With the help of my friends contacts, we arrived at a practical solution, consisiting of the following:
   
- Disassemble the rebound circuit damper piston holder from the damper rod;
- Machine a hole along the length of this piston holder;
- Manufacture a new rebound adjuster needle;
- Manufacture a rod to connect the rebound needle (now down inside the cartridge) with the     adjuster screw in the top of the fork leg top nut;
- Assemble the forks again.

Mod #4:Öhlins kit + modified rebound circuit.
With the forks modified as per above, we got the bump test results below:


Fig 8.Bump test diagram for Showa with Öhlins kit and modified rebound damper circuit.
Please note that the adjuster needle has a different taper to the stock one; hence the different number of clicks.


The difference is very apparent; the curves are pretty much identical no matter what the rebound adjuster is set at. What it works out like in actual use is another matter, but at least the compression low-speed damping adjustment is now basically independent of the rebound setting.

Which forks are affected?
As far as I have been able to establish, all adjustable Showas with 50mm upper / 54 mm lower triples: 900 SSie, Monster 900, Monster 1000, S4 / S4S, ST2/ST4/ST4S has these forks. It seems that S1000DS has a "proper" set of forks, but with rather ineffective valving. I have not yet checked any of these forks myself, so I can’t know for sure.


Fig. 9. This is the fork top nut from a "Monster” Showa, with disassembled contents.: The small ball is responsible for the ”clicks” you feel when adjusting the damping; it´s backed by a a small spring in the top nut.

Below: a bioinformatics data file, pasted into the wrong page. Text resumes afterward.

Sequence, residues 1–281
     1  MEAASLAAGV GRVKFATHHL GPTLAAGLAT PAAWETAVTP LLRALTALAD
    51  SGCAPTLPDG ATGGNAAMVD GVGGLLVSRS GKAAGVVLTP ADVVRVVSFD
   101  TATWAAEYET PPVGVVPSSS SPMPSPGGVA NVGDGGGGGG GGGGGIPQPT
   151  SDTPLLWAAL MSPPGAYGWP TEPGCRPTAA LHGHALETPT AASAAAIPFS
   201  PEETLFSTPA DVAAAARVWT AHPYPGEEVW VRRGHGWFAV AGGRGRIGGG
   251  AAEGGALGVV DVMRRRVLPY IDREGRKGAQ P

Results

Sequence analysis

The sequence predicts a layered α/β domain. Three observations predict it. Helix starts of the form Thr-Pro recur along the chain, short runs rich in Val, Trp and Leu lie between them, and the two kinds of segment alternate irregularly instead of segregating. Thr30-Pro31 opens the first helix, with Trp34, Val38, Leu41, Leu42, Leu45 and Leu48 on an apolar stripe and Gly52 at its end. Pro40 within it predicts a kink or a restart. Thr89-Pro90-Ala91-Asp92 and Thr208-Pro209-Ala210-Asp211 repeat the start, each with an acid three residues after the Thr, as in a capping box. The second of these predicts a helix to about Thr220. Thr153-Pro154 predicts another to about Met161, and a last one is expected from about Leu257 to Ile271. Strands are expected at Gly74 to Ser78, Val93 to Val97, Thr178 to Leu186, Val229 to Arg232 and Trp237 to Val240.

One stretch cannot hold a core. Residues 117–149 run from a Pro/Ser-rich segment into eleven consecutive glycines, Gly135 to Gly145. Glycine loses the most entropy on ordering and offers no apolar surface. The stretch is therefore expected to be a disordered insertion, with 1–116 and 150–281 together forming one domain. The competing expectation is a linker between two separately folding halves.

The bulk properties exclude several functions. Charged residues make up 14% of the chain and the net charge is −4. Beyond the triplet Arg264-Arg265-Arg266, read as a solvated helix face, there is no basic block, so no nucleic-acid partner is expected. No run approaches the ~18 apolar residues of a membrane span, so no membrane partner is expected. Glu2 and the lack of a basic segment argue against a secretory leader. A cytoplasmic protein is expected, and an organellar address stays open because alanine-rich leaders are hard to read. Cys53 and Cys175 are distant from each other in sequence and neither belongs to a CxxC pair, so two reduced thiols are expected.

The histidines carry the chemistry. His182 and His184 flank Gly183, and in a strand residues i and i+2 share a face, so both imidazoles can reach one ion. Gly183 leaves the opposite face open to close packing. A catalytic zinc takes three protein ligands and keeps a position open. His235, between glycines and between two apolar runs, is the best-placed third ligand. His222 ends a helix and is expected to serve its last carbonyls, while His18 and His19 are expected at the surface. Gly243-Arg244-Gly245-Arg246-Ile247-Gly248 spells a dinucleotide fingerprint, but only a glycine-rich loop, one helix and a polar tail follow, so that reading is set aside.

The brass screw is normally within the top nut; the pointed end is the needle adjusting oil flow out of the cartridge against an orifice in the top of the damper rod (i.e., in a non-modified fork).



Fig. 10. Rebound adjuster needle. This replaces the pointed tip of the brass needle in fig.9, and is now situated down in the bottom of the damper rod, within the cartridge. The rod (Ø 3 mm för reference) connects the needle with the brass adjuster screw in the top nut (see fig.9), so that the rebound damping can be adjusted. The needle in the picture is the one we had made, the corresponding part of the "Hyper" Showas looks slightly different (much blunter needle).

Technical update 2011:
The modification described in this article requires the help of someone with specialized machining competence. I´ve modified maybe 8 or 10 or so forks according to this article, and so far all have worked great (I use 2 of them myself, one beeing a track day bike used by a lot of people).


Fig. 11: Track bike (900 SSie) with modified Showa forks and a few other tweaks (cosmetics not one of them....)

On the last few forks I´ve modified, I have used a shim kit from the british company K-Tech.It has the advantage that the rebound adjuster needle and shim stack/ shim stack holder come pre-assembled with the kit; hence, the machining competence needed for the modification is greatly reduced.
It does require, however, that you do manufacture a new cartridge rod and a few other bits and pieces, so machining competence is still required.
Also, the K-tech kit needs a little more room inside the cartridge which I found out when doing the forks of a MY2000 M900 recently; due to the dimensions, the cartridge bottomed out on full compression before the fork tubes did. This is obviously not a very desirable condition,and required a lot of fiddling and machining to compensate, finding a mm here and a mm there.
Anyway, if there is interest, I´ll do a piece on this modification as well next time I do a fork modification.

Disclaimer:
The opinions found in this feature are fully my own (even if I´m not alone in having them), and I´m fully convinced the results are valid in principle; in an actual case results may vary due to tolerances etc.
As for the function of the forks concerned, I have no doubt in my mind about the correctness of the contents of this article; however, I´m just a backyard mechanic (OK, and a mechanical engineer by profession) trying to solve a problem I happened to stumble upon.
If anyone wishes to follow the example described in this article, feel free to do so, but it´s all on your own responsability and down to the knowledge and skill of the people you decide to cooperate with (and / or your own, of course). As I´ve discovered, there are several versions of fork internals in Showa forks looking externally identical, so you need to take care.